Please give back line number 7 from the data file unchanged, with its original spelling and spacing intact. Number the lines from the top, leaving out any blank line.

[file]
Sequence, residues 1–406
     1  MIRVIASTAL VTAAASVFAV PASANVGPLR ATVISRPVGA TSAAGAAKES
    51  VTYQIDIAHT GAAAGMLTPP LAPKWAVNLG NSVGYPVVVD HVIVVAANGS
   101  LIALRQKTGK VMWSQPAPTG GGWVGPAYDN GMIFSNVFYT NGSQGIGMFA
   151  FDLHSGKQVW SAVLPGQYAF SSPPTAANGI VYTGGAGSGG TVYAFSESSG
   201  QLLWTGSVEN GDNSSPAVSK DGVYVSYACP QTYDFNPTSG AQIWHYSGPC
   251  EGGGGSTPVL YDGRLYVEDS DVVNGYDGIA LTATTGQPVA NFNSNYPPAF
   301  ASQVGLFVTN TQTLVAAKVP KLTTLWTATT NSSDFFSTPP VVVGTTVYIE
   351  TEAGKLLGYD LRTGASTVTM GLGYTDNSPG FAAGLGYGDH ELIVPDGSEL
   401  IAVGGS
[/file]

   251  EGGGGSTPVL YDGRLYVEDS DVVNGYDGIA LTATTGQPVA NFNSNYPPAF